Not A Fairy Tale
 
Chapter 1

I am not very clever.  My brother Sprout is lightning-quick at reading runes, and can trace out an enchantment faster than most faeries twice his age. For me, the runes fall off the page, mixing themselves up like someone put a bewildering spell on them.  Magus Summergrass won't even let me try to draw runes anymore, not after a misspelling set the school on fire.

I am not very funny. My eldest sister Petal once told a joke that left every pixie in High-Court School laughing so hard a week's worth of pixie dust exploded from their wings.

I tell fart jokes.  No one laughs.

I'm not very strong.  My youngest sister, Bluebell, can outrace the wind, heave rocks, and break woven spiderweb with her bare hands.  Me, I trip over my own two feet.  And everyone says they're glad I'm not as strong as Bluebell.

My siblings are all extraordinary.  

I'm special, too.  

I've got a temper.

When I was younger, I threw screaming tantrums over everything.  I'd tear the spider-silk off my skin.  I'd spit out my food.  I'd scream and cover my ears.  

My parents wanted to be good parents, I think.  They were good to my siblings. But apparently something about dealing with a screaming child day after day meant that after awhile they just cast a silencing spell on me.  

If I could have spoken, I'd have told them, over and over, that the world *hurts.*  Sounds burn my ears.  Light screams into my eyes.  Silk rasps across my skin.  And Goddess help the person who dares touch me.  My muscles jerk.  Panic floods me.  My mouth opens to howl in surprised rage.  I flail, thrashing like a grasshopper caught in a web.   

I could have told them that after I learned some words.  But I was Silenced.

That's when I started hitting things.

Sprout tells me I shouldn't say things like "I can't help it."  Every other week he's got a new motivational tome from some Grand Fae snail-slime salesman, and starts spouting off wisdom at me.  I put up with it because he barely has any friends, and, well, I don't have any.  

He says I should own my own problems and not blame everything on my parents.  That I should learn tolerance and forgiveness.  

I kindly tell him he should go stick his head down the composting toilet and use the tome for toilet paper.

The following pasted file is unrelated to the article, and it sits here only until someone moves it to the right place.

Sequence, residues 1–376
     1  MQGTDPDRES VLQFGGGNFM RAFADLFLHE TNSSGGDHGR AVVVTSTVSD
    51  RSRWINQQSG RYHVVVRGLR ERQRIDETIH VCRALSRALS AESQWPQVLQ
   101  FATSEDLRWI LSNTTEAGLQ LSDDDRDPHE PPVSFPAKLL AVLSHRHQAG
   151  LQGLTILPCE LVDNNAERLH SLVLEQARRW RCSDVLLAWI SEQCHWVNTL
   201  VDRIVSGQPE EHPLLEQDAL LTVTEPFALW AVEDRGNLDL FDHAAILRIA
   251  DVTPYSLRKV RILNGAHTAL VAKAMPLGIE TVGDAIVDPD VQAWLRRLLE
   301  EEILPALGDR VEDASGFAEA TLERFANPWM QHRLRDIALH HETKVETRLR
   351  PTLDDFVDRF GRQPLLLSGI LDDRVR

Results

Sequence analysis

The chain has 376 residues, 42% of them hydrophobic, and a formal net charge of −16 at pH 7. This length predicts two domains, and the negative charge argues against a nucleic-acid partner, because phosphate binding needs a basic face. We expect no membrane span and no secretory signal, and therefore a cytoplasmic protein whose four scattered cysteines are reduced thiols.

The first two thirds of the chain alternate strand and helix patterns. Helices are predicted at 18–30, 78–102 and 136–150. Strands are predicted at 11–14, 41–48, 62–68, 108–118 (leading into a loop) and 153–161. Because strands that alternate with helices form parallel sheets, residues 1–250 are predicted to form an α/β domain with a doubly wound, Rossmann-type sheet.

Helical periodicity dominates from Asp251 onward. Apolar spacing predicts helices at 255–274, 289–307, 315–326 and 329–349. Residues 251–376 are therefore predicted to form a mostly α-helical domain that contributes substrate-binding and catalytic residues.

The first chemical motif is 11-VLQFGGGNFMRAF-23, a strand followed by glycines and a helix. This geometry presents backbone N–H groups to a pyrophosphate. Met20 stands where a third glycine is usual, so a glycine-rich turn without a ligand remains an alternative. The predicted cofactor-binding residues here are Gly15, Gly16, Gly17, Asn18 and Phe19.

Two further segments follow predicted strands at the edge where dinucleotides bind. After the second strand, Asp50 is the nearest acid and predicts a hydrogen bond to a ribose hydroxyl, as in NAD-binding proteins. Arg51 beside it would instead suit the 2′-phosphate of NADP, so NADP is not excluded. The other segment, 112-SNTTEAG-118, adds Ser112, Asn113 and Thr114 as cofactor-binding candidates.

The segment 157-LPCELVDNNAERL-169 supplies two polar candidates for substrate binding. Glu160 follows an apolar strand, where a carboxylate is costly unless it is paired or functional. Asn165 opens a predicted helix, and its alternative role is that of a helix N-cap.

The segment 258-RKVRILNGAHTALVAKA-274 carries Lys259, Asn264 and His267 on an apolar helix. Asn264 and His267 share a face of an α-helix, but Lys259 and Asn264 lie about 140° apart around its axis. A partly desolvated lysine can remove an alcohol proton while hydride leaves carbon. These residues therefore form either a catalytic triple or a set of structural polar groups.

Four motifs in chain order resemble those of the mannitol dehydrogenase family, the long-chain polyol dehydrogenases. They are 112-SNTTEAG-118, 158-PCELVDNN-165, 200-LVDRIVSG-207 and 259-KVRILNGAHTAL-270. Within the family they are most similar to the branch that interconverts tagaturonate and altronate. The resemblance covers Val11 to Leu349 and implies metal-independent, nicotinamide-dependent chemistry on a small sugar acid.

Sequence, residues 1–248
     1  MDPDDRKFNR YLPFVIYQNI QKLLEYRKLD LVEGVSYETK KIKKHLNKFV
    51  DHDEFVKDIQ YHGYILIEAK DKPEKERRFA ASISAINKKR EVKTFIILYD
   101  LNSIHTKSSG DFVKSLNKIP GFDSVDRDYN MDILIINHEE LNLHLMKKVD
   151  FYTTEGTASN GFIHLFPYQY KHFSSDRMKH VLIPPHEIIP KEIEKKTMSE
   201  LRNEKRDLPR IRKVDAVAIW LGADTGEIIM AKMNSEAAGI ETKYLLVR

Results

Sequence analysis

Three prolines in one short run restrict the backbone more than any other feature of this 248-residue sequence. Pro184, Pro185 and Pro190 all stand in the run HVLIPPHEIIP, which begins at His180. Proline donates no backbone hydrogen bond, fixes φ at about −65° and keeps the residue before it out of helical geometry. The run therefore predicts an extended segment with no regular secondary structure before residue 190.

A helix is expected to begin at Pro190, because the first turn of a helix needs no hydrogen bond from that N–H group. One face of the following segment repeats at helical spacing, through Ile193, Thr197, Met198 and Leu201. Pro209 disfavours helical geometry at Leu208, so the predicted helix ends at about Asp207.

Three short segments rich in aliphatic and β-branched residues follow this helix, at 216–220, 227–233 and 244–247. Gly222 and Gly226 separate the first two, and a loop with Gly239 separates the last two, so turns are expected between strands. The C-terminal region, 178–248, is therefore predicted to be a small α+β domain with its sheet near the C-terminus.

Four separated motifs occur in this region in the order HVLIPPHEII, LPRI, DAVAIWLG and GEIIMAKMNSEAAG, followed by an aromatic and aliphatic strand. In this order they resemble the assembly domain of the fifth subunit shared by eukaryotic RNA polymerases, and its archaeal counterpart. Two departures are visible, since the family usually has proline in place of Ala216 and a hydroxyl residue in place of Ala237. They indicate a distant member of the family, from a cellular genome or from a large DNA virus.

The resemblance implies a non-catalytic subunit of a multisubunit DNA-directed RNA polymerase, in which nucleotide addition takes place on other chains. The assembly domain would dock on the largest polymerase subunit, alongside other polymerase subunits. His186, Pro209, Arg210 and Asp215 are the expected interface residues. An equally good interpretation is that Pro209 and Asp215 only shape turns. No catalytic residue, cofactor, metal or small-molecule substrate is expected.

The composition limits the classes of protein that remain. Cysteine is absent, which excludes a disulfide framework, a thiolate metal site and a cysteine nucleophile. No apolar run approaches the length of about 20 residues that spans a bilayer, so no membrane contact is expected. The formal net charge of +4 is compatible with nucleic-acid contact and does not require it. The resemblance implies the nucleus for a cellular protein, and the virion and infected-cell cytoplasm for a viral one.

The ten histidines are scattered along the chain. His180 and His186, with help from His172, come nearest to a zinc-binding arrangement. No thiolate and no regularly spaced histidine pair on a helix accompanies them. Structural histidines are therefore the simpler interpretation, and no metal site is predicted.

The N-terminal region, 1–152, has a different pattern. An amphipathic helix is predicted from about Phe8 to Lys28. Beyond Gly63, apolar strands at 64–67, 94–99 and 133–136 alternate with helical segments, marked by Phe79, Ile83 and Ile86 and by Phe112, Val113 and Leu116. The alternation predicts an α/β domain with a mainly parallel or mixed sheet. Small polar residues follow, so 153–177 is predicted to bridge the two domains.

Because I can't help it.  It's like my body goes off before my brain gets a choice.  And the other kids think it's just soooo funny to touch me.  They *like* a big, howling reaction.  

They don't do it so much now, though.  Not after I broke Buckwheat's arm.  

I guess I'm not a complete moron, for a 'violent little criminal who's going to break her parent's hearts." (Gee, thanks, Dad.) There were five kids that liked to do it.  Nosegay's nobility, and her parents think she can do no wrong.  The Glass Fairy Twins are too fragile to take much damage.    Charm's too young to know what he was doing- the others were egging him on, training him up to be a proper bully.  But Buckwheat was poor forest-floor trash who liked to hike up his status by picking on me. So when he did it again, I really let him have it.  

The storybooks called it "making an example."  Of course, in the storybooks, villains are the ones who make examples.  

Guess I'm a villain.  And I'm not sorry.  Because it worked.

I didn't really *mean* to rough him up so hard. It's just that when he touched me, I stopped restraining myself at all.  

Teachers give special students gold stars for extra effort.  I've never gotten a gold star.  If they had any brains at all, they'd give me a gold star for every day I go to school and don't kill somebody.  Instead, I just get told I'm not trying hard enough.  

I got suspended for a full moon, but my parents managed to talk the school into giving me a "second chance."  In the meantime, my parents locked me in my room and told me to think about what I'd done.  And I did.  

I thought that I didn't give two farts in a windsock about anyone at school.  I thought that Sprout was right- nobody was going to help me, so I had to help myself.  I decided to stop caring what bullying children and useless adults had to say about how I looked.  I experimented.  

I made two beeswax earplugs, to make the noise stop hurting.  I made a set of pinhole sunglasses, to make the light less bright.  I started sniffing pepper, to plug up my nose so I couldn't smell.  I oiled my wings so they wouldn't get so dry. I went through every piece of clothing in my wardrobe to find the things least annoying on my skin.  Instead of the flowing, ethereal ropes of a proper fairy, I found myself in skin-hugging tights and a coney-leather jacket, fur-side out.    

I put snail-shell spikes on everything, out of pure spite.  

And when I got back, the bullies backed off.   Physically, anyway.  

They can still get to me in other ways.  

So that's me.  Dumb. Unfunny. Uncoordinated.  Violent.  

I'm the last person you want to give an enchanted sword.